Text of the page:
List of Cute Ways to Say “Very Angry”
- Steaming Mad
- Spitting Nails
- Burning with Wrath
- Seeing Red
- On the Warpath
- In a Right Snit
- Sizzling with Rage
- Fit as a Fiddle
- Fit to Be Tied
- Hot Under the Collar
- Seething with Ire
Cute Ways to Say “Very Angry” With Examples
Steaming Mad: This phrase indicates intense anger as if the person is so angry that steam might come out of their ears. It’s often used when someone is furious about a situation.
- “When he found out his ice cream had melted in the sun, he was steaming mad!”
Fuming: “Fuming” implies a slow build-up of anger, as if someone is simmering with rage. It’s commonly used to describe a person who is angry but not necessarily in an explosive way.
- “After waiting for hours, she was fuming when the delayed bus finally arrived.”
Seeing Red: This expression suggests that someone is so angry that they can only see the color red, which is associated with rage. It’s often used when someone is beyond reason due to anger.
- “When he discovered his car had been scratched, he saw red and confronted the person responsible.”
Fit to Be Tied: This phrase describes someone who is extremely angry or agitated. It can be used when someone is on the verge of losing their temper.
- “She was fit to be tied when she realized her keys were missing right before an important meeting.”
Hot Under the Collar: This expression conveys that someone is angry, especially due to a frustrating or irritating situation.
- “He was hot under the collar when the computer crashed and he lost all his unsaved work.”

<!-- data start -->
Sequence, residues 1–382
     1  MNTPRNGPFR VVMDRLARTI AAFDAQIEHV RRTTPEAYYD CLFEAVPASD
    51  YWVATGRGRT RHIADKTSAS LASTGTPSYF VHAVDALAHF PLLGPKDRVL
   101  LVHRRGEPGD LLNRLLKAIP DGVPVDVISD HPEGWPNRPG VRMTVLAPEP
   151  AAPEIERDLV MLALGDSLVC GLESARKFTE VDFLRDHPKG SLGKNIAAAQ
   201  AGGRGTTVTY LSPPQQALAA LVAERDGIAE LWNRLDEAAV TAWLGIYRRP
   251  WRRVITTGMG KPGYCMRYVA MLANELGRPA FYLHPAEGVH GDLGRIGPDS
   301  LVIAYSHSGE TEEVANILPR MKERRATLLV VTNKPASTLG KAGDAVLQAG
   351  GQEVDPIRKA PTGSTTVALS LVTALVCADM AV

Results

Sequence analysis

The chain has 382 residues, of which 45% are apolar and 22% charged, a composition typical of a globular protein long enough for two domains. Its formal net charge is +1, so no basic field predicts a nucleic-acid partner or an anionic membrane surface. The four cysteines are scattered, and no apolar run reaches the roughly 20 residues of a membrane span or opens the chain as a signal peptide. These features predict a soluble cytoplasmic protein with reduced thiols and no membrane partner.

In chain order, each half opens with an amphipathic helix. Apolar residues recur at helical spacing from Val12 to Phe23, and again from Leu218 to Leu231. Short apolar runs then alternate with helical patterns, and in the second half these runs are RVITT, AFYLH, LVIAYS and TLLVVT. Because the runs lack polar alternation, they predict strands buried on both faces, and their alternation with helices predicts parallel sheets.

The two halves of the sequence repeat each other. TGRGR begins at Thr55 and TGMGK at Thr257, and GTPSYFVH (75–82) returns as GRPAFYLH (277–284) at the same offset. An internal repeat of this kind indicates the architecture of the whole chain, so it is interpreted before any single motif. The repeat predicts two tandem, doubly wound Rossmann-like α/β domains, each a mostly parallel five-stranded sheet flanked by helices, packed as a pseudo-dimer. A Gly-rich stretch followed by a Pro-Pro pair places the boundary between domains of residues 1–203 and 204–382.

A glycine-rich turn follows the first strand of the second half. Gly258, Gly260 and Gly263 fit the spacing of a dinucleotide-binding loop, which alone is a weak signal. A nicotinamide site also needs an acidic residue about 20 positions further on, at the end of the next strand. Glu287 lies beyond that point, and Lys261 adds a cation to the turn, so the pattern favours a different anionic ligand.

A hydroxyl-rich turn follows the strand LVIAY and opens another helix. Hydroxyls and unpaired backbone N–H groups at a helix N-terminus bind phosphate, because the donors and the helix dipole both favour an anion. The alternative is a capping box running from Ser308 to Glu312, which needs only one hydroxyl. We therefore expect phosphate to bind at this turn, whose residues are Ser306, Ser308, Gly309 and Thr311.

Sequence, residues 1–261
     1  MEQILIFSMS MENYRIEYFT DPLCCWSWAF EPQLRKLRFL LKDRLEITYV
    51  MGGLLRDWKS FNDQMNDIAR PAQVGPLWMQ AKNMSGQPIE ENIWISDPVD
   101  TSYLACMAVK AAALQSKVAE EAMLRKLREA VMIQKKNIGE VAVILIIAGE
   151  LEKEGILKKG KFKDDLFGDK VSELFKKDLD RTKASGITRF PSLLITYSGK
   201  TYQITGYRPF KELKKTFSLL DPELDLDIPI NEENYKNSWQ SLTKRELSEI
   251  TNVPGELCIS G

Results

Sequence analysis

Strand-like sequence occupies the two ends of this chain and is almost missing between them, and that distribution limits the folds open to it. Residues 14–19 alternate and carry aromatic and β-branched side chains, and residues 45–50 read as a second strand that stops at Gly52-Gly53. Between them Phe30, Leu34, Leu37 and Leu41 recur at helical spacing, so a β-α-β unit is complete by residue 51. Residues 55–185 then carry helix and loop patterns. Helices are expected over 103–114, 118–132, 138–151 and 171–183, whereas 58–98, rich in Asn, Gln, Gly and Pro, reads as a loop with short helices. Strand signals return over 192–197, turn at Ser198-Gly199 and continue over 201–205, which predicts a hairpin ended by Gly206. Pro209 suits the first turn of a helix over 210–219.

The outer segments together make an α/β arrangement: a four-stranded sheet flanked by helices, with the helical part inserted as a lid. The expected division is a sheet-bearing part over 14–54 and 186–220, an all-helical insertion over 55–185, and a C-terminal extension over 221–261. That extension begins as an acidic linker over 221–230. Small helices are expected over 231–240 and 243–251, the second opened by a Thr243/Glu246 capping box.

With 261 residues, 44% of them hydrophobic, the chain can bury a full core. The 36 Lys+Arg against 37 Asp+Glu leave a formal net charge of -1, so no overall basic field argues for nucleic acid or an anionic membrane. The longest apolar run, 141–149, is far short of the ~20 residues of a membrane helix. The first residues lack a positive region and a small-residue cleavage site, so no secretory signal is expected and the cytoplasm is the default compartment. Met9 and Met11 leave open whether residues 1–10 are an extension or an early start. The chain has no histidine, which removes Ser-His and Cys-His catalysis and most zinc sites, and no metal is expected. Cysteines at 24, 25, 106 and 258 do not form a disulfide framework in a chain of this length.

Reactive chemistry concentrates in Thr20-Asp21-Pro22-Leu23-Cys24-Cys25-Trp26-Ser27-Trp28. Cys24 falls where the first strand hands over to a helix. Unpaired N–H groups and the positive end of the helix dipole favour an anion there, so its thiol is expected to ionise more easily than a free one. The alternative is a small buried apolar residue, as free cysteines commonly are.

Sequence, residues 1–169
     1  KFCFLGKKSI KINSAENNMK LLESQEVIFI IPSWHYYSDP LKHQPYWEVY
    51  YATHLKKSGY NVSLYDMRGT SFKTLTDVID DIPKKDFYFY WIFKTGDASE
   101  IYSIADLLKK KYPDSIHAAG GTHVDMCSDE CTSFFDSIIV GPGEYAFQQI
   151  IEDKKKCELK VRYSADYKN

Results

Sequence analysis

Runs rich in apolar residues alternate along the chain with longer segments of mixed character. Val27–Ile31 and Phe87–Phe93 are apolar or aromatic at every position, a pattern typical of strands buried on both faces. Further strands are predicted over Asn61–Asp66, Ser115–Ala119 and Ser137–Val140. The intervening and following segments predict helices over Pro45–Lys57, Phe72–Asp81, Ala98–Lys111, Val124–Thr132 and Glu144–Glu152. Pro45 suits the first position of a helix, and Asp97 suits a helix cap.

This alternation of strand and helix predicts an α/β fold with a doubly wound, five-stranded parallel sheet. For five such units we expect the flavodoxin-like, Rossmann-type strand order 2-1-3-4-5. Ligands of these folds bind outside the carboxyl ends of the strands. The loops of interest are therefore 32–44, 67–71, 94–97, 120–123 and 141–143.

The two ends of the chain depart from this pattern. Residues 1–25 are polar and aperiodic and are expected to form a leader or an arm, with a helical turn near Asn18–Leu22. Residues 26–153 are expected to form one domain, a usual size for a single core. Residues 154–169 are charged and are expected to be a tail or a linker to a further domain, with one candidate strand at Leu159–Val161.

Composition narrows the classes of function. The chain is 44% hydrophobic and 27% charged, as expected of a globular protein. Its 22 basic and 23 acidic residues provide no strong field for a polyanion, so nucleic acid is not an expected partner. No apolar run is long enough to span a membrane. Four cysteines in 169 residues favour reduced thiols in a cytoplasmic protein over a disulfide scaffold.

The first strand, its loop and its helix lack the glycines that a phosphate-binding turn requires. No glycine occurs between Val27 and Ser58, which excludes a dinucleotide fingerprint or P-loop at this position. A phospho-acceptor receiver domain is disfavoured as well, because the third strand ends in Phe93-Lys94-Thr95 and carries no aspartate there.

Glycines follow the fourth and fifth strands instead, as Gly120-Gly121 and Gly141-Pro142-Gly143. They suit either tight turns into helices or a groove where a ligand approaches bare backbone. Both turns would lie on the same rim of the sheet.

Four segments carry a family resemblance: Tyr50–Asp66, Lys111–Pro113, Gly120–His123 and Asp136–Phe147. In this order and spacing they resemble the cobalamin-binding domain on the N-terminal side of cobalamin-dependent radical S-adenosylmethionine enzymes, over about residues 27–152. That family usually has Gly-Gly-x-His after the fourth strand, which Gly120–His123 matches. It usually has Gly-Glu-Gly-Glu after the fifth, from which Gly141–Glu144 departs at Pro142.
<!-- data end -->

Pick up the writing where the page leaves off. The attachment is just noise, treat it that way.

In a Right Snit: This British expression indicates a person is in a bad mood or very irritated. It’s often used in a playful or slightly sarcastic way.
- “She was in a right snit because her favorite coffee shop ran out of her preferred pastry.”
On the Warpath: This phrase suggests that someone is actively seeking confrontation or is ready to confront those who have upset them.
- “Watch out, he’s on the warpath after his project got rejected at work.”
Spitting Nails: This hyperbolic expression indicates extreme anger as if someone is so furious that they are metaphorically “spitting nails” in frustration.
- “She was spitting nails when she discovered her phone had been stolen.”
Fit as a Fiddle: While this phrase typically refers to someone’s good physical condition, when used in the context of anger, it suggests that someone is fit or ready for a fight.
- “He was fit as a fiddle when he found out that his ideas had been stolen by a colleague.”
Burning with Wrath: This expression emphasizes the intensity of anger and wrath within a person. It’s often used in more formal or literary contexts.
- “The injustice of the situation had her burning with wrath as she prepared to address it.”
Sizzling with Rage: Similar to “steaming mad,” this phrase implies that a person’s anger is so intense it’s practically sizzling or burning.
- “He was sizzling with rage when he received a hefty parking ticket for a minor infraction.”
Seething with Ire: “Seething with ire” suggests a person is not just angry but harboring deep-seated anger or resentment. It’s often used in a more formal or poetic context.
- “Her colleagues had been consistently undermining her, and she was seething with ire as she prepared to confront them about it.”